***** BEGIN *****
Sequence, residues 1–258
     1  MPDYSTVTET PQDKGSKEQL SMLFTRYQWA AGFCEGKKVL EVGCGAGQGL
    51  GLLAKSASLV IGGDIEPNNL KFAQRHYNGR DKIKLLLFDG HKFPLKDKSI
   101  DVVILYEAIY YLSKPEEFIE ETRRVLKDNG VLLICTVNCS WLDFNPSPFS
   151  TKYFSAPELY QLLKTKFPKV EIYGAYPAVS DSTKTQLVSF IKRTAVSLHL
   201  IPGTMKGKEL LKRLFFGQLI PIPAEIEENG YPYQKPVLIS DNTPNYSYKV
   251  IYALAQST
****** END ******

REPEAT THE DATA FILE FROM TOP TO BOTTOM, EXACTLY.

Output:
Sequence, residues 1–258
     1  MPDYSTVTET PQDKGSKEQL SMLFTRYQWA AGFCEGKKVL EVGCGAGQGL
    51  GLLAKSASLV IGGDIEPNNL KFAQRHYNGR DKIKLLLFDG HKFPLKDKSI
   101  DVVILYEAIY YLSKPEEFIE ETRRVLKDNG VLLICTVNCS WLDFNPSPFS
   151  TKYFSAPELY QLLKTKFPKV EIYGAYPAVS DSTKTQLVSF IKRTAVSLHL
   201  IPGTMKGKEL LKRLFFGQLI PIPAEIEENG YPYQKPVLIS DNTPNYSYKV
   251  IYALAQST